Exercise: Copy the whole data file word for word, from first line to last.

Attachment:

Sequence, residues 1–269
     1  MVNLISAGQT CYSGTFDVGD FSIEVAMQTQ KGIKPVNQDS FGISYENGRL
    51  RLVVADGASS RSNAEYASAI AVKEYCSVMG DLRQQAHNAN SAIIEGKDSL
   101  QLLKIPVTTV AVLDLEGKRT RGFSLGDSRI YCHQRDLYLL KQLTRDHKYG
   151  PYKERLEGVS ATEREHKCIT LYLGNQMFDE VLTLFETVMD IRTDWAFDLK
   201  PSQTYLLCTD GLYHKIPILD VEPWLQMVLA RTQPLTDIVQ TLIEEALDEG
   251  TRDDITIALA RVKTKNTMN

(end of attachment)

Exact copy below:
Sequence, residues 1–269
     1  MVNLISAGQT CYSGTFDVGD FSIEVAMQTQ KGIKPVNQDS FGISYENGRL
    51  RLVVADGASS RSNAEYASAI AVKEYCSVMG DLRQQAHNAN SAIIEGKDSL
   101  QLLKIPVTTV AVLDLEGKRT RGFSLGDSRI YCHQRDLYLL KQLTRDHKYG
   151  PYKERLEGVS ATEREHKCIT LYLGNQMFDE VLTLFETVMD IRTDWAFDLK
   201  PSQTYLLCTD GLYHKIPILD VEPWLQMVLA RTQPLTDIVQ TLIEEALDEG
   251  TRDDITIALA RVKTKNTMN